The recipe engine Flow view provides a visual way to assess which engines are being used for each recipe in the Flow.

Keep in mind that certain computation engines can be more appropriate than others depending on several factors, such as the scale of data, the available databases or architecture at your disposal, and the operations being performed.

Start with these guiding principles when reviewing recipe engines:

  • If you have datasets stored in SQL databases, make sure that the corresponding recipes run in-database.

  • If you have a large amount of data stored as files in cloud object storage, use Spark, which allows you to scale the computation by distributing it across multiple machines in a cluster. In less frequent scenarios, you can apply the same reasoning with on-premise Hadoop clusters where Spark and Hive can process data stored in HDFS at scale.

  • If you need to offload visual machine learning model training or code recipes, make sure that containerized execution is enabled and configured accordingly.

Dataiku screenshot of the recipe engine dialog.

Beneath the Run button within the Settings tab of every visual recipe is the recipe engine setting. Available engines depend on the instance’s architecture.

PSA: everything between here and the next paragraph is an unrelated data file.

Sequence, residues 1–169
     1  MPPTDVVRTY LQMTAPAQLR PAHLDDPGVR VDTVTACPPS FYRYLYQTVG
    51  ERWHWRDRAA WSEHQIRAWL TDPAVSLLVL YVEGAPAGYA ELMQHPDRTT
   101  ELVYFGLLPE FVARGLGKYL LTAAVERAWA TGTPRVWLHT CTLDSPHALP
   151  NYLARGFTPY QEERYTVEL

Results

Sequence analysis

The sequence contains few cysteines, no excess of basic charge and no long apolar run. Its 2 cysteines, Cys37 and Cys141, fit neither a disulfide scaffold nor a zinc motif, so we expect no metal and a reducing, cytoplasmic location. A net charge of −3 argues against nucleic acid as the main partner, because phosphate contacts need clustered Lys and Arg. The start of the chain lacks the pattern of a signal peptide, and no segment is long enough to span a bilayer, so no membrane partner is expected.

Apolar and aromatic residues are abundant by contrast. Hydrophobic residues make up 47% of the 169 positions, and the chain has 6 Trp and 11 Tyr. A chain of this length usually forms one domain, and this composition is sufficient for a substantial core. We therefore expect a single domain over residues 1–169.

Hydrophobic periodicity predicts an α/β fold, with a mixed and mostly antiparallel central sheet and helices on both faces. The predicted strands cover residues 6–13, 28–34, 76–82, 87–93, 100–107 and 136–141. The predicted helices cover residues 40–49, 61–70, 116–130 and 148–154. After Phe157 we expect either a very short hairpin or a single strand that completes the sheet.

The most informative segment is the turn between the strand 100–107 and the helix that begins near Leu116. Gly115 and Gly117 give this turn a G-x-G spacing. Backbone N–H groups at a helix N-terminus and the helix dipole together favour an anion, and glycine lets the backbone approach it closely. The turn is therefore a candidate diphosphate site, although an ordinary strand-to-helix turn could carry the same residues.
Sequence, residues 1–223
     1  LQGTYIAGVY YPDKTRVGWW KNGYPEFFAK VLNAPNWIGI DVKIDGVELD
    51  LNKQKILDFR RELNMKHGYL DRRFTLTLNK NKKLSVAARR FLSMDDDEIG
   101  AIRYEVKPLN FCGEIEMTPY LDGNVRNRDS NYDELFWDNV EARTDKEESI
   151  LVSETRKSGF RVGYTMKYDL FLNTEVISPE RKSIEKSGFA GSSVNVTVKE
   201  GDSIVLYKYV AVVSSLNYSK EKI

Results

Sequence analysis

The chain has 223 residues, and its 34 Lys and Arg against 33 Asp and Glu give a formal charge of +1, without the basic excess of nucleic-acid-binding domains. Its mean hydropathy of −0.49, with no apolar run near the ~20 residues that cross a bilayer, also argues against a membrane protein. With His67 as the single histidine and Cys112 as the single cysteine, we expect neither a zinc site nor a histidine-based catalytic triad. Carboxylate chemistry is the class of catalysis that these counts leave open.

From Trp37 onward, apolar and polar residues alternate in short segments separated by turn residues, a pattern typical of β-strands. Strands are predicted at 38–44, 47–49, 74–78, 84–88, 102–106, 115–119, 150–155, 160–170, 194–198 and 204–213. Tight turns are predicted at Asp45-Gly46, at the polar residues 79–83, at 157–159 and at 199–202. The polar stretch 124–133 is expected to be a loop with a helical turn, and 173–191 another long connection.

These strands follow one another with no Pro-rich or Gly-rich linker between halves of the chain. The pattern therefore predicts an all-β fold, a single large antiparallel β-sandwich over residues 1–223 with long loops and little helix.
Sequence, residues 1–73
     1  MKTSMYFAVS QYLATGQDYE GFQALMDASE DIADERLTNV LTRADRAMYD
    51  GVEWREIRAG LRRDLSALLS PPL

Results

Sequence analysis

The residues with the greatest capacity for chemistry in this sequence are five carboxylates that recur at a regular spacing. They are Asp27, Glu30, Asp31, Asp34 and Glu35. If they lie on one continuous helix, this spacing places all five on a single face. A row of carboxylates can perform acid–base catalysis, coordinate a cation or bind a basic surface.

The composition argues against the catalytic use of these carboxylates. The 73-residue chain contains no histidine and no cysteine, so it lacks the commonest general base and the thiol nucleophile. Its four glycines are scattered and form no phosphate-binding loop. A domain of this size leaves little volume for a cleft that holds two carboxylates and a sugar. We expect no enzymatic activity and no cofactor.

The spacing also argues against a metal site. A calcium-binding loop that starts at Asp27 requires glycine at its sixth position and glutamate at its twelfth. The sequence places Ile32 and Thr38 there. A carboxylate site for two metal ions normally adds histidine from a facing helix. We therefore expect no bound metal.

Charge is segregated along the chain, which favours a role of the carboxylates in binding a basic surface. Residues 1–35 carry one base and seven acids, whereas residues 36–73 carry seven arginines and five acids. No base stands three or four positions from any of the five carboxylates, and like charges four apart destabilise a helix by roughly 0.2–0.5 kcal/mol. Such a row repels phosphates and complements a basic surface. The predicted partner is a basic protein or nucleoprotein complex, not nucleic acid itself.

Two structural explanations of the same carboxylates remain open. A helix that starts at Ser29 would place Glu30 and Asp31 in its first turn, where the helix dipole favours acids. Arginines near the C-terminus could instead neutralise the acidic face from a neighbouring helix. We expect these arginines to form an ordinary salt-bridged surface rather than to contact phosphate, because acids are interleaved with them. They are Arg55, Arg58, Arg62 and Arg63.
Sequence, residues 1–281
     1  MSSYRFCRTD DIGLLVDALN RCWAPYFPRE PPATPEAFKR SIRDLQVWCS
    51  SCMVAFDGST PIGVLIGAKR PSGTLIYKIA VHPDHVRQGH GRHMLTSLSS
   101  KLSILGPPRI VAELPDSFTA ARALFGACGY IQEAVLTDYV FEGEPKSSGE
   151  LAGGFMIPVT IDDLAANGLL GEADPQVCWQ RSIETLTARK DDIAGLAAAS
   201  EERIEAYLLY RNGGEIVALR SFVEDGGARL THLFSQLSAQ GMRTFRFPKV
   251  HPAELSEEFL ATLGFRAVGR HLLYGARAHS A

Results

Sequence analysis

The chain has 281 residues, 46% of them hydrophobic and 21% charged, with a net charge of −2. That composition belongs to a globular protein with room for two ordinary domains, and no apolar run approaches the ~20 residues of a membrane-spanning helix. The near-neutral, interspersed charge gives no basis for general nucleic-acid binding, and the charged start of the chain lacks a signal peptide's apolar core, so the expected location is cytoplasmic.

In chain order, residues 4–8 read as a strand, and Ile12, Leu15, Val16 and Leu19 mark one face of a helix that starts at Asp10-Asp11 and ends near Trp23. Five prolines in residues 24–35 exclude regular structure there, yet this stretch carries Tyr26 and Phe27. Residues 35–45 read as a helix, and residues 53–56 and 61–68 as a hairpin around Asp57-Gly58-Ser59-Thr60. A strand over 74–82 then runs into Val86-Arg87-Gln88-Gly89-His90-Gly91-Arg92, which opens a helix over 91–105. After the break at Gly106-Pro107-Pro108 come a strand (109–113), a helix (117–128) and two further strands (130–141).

For more information on pushdown computation, review the summary table of where computation takes place for each operation performed in Dataiku.

Is Spark Required?

The second guiding principle above suggests using Spark for a “large amount” of data stored as files in cloud object storage. The definition of “large” will obviously vary, but if your dataset fits in the memory of a single machine, other recipe engines might be faster. For very large datasets, Spark can indeed be very fast because it can run distributed computation on clusters.

However, this advantage does not come without consequences. Spark’s overhead is non-negligible. It takes time for DSS to tell Spark what to run, how many clusters to spin up, etc. For smaller datasets, with simpler computation (i.e. not a join or window operation), the DSS engine may actually be faster than Spark.

Other Flow views, such as the file size flow view, may yield further information to help you assess whether Spark is the right-sized solution for a particular job. Ultimately though, testing—first for stability with sample-sized data—and then with more realistic data, is the only way to definitively answer the question of whether Spark is the best choice for a particular situation.


Review the product documentation for more information on DSS and Spark.

Spark and SQL Pipelines

One corollary to the principles above is that you should try to avoid the reading and writing of intermediate datasets.

In certain situations, you can minimize the repeated cycle of reading and writing intermediate datasets within a Flow by setting up either Spark or SQL pipelines.